Sheer Luxury – The New York Philharmonic Performs the Brahms Requiem

United StatesUnited States Brahms: Ying Fang (soprano), Matthias Goerne (baritone), Concert Chorale of New York (director: James Bagwell), New York Philharmonic / Jaap van Zweden (conductor), David Geffen Hall, Lincoln Center, New York, 7.2.2019. (RP)

Jaap van Zweden (conductor) & the New York Philharmonic © Chris Lee

Brahms –  Ein deutsches Requiem

Brahms was an irascible man and a self-proclaimed agnostic. Dvořák, whose talents he recognized and fostered, lamented ‘Such a man, such a fine soul – and he believes in nothing!’ Nonetheless, Brahms’s years on the world stage are bookended by two works with texts taken from the Bible that deal with death. His German Requiem was composed in fits and starts between 1865 and 1868 inspired, perhaps, by the deaths of Robert Schumann in 1856 and his mother almost nine years later. It brought Brahms international fame.

As his own life was drawing to a close, he composed Vier ernste Gesänge in anticipation of the death of his dearest friend and musical soulmate, Clara Schumann, in 1896. The Schumanns had supported him emotionally and professionally early in his career, and although Clara rebuffed his offer of marriage after her husband’s death, they remained devoted friends. His life had come full circle.

It was the first of these, the Requiem, in which Jaap van Zweden conducted the New York Philharmonic. Chorus, soloists and conductor were of the first order, but it was pure luxury to hear the New York Philharmonic perform it. The massive orchestra, complete with two harps and a veritable army of strings, produced a velvety musical carpet of exceptional warmth and richness. Individual sounds, such as those of the two harps, the burnished brass and the relentless beat of the timpani, were part of the subtly interwoven texture. This is why one goes to hear a great orchestra perform such works.

The Concert Chorale of New York was mighty near as impressive. The sopranos were pliant and bloomed beautifully in the long, perilously exposed, sustained phrases. In the climaxes, the tenors were indefatigable, their burnished tone heroic and thrilling. Brahms had a penchant for lower voices, especially altos, and there was no disappointment here with their warm, rich sound. The dramatic announcement of the great fugue in the second movement was a wall of majestic sound from chorus and orchestra, followed by the basses elegantly announcing the theme of the great fugue that follows.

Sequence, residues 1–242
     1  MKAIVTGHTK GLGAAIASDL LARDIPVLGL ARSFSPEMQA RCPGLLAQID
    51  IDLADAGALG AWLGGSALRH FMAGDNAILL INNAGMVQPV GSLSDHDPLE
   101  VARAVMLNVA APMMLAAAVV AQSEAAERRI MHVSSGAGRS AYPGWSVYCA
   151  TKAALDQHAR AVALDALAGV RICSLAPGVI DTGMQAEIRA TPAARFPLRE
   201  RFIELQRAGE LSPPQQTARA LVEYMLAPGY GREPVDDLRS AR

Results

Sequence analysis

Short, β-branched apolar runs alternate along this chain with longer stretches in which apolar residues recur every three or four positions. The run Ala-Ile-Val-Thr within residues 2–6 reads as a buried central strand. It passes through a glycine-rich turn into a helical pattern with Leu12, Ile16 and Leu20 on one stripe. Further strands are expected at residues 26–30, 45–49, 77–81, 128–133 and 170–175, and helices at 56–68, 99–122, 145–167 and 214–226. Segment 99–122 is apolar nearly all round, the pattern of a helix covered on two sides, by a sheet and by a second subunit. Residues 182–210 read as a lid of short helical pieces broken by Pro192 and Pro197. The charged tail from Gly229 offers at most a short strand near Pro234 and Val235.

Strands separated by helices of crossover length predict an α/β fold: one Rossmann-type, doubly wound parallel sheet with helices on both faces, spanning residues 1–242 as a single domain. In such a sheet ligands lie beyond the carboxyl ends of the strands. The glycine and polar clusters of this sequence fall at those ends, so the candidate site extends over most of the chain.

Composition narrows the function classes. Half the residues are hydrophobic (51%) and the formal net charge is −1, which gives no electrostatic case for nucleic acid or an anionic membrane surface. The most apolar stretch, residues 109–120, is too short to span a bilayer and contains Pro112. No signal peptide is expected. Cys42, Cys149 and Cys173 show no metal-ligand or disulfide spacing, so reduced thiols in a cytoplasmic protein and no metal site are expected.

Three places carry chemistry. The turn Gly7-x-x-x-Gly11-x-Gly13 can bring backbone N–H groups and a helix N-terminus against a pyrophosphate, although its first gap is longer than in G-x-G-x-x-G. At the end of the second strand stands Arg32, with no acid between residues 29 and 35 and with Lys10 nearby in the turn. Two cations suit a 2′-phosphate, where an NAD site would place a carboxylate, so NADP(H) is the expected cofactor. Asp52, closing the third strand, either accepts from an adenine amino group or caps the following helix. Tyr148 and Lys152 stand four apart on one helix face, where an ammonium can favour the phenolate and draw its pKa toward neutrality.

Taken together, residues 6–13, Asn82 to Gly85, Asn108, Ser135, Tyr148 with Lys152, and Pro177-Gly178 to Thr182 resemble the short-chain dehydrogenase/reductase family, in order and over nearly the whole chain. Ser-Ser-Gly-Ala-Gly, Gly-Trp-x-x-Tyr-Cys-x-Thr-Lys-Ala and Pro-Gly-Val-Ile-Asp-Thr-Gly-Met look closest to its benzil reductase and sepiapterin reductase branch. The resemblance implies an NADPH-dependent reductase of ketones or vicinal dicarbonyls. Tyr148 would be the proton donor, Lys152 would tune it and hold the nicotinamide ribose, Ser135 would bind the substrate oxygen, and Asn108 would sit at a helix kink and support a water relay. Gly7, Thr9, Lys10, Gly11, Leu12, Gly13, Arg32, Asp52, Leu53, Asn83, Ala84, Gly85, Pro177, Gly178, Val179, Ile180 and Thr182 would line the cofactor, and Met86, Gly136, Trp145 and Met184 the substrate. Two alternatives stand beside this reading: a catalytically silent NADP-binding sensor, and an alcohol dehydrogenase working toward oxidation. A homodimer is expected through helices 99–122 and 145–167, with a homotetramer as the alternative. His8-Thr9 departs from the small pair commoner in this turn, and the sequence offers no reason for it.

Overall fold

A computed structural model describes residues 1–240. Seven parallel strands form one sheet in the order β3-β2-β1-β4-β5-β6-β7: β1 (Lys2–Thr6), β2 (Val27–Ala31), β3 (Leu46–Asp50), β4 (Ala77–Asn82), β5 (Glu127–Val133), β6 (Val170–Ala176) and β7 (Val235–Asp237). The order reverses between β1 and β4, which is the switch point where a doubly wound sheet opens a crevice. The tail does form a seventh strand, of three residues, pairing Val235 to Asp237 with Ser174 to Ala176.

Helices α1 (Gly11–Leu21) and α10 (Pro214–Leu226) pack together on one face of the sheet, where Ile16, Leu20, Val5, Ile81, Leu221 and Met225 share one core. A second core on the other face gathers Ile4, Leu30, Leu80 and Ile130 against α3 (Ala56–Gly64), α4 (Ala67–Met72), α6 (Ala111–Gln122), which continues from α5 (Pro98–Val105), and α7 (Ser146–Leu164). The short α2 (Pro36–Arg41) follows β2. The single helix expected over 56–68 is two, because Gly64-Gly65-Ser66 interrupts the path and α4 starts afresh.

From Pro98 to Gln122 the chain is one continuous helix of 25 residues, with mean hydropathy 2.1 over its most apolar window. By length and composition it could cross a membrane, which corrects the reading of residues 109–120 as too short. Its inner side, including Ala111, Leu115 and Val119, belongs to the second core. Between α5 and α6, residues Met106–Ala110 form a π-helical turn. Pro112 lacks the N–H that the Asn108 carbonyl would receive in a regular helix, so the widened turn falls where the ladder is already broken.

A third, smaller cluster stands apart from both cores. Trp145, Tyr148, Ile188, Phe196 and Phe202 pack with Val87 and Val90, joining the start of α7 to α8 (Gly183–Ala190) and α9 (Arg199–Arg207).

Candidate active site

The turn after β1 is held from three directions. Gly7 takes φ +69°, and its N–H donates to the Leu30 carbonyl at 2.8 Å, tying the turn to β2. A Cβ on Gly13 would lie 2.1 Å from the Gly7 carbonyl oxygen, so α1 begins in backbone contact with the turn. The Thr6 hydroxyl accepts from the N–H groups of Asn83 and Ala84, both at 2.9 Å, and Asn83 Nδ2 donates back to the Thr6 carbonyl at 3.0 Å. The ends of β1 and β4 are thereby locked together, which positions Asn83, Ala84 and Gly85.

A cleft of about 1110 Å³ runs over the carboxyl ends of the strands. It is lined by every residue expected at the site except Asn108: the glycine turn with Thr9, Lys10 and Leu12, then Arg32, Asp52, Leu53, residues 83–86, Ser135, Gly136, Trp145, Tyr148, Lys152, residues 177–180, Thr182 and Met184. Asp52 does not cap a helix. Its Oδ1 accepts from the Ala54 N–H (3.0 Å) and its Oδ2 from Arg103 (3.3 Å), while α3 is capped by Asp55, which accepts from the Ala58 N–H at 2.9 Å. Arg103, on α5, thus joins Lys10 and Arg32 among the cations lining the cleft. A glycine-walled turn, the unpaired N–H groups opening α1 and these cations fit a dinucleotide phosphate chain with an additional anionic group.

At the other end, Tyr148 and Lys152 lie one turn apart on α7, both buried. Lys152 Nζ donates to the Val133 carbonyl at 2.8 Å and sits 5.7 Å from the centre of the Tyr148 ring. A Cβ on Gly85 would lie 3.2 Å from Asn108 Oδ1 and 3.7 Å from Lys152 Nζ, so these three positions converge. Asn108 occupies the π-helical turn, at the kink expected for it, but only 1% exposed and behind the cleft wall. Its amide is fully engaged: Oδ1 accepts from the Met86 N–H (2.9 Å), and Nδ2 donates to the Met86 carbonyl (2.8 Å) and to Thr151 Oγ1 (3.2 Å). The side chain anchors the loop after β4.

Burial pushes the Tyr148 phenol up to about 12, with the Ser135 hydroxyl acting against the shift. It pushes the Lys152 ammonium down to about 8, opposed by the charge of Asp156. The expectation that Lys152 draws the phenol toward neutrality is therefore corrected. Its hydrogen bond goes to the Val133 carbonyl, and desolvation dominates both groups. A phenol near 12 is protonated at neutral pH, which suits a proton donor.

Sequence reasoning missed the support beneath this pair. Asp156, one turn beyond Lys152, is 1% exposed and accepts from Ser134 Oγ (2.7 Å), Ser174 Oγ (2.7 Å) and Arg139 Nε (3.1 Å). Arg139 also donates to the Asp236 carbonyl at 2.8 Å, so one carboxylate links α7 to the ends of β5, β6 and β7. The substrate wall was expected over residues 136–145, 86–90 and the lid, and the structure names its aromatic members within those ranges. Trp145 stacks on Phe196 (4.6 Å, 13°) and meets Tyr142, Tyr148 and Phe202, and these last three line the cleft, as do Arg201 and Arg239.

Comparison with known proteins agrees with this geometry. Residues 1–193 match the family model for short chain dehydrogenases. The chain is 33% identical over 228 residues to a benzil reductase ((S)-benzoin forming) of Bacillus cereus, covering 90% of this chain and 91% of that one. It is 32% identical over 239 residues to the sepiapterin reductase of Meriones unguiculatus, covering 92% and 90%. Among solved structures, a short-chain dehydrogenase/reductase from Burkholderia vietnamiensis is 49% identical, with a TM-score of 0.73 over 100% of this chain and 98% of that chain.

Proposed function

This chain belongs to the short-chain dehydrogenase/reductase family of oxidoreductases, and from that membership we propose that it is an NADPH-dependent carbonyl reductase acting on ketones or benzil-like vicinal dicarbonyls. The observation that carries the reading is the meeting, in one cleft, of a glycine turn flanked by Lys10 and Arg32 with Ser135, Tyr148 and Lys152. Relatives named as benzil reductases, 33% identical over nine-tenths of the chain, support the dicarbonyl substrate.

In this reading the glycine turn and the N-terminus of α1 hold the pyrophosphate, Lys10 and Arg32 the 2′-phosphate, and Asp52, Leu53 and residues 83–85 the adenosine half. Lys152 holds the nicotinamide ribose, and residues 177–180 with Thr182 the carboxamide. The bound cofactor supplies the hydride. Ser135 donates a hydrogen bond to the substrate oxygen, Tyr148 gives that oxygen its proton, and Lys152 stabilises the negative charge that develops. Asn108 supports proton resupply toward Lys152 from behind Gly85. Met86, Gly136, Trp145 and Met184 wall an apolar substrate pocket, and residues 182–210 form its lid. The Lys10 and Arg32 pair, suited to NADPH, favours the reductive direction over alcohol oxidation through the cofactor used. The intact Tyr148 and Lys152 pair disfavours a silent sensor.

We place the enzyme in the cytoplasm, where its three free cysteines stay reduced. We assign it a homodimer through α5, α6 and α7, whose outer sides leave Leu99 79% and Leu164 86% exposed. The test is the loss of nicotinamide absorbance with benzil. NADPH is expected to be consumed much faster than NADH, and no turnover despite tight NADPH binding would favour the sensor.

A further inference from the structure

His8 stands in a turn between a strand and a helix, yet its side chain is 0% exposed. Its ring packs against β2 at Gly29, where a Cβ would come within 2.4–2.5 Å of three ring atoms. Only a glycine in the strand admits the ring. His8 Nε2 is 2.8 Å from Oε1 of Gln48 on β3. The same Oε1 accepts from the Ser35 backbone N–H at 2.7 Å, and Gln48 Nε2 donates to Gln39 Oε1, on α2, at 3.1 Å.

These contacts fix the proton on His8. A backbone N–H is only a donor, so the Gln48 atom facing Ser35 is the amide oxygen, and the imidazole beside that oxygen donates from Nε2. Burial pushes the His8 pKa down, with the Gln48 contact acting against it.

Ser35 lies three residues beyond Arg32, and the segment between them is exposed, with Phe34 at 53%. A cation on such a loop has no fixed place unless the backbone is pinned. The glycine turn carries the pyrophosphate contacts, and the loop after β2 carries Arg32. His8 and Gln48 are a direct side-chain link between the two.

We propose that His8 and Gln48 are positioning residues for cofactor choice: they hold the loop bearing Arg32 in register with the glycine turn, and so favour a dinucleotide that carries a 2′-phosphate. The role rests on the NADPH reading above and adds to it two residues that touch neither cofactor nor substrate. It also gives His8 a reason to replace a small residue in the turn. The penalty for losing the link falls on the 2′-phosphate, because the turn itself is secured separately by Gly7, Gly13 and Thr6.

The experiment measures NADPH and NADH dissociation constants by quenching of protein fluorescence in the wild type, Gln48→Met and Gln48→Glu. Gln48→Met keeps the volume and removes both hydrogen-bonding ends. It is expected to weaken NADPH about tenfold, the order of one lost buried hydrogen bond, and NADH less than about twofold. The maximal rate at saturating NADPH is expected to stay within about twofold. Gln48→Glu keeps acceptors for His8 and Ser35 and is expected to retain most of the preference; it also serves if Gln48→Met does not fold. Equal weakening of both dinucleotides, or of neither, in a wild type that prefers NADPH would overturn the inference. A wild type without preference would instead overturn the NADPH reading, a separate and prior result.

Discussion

The two soloists, soprano Ying Fang and baritone Matthias Goerne, are polar opposites in most respects, but each was just this side short of perfection. Goerne is a renowned Lieder singer prized for his attention to textural detail, who also brings a distinct physicality to his singing. There are certainly more robust voices to be found, but he plumbed the depths of emotion in the two solos allotted to the baritone. In the sixth movement, his voice blazed impressively as he announced the sounding of the trumpet on the Day of Judgment.

The emotions that Fang summoned were equally profound as those aroused by Goerne, but achieved by totally different means. Her delivery of the text may not be as pointed as his, but her voice was lovely and luminous, floating effortlessly over the hushed orchestral and choral accompaniment. Her poised persona was perfectly aligned with the words of comfort and consolation that she sang.

It is hard to imagine a definitive performance of Brahms’s Requiem. Van Zweden favored brisk but sane tempi and took the same approach to dynamic levels. The individual lines of the colossal fugues were clearly delineated. Brahms’s beautiful melodies soared rapturously, while the great shouts of eternal joy and victory over death were exhilarating. (To me the latter are the apexes of the piece.) Van Zweden also provided the space for textural details to emerge for soloists and chorus alike.

It was a splendid performance. Departing Lincoln Center, I was sorry that I would not be at the two remaining ones.

Rick Perdian

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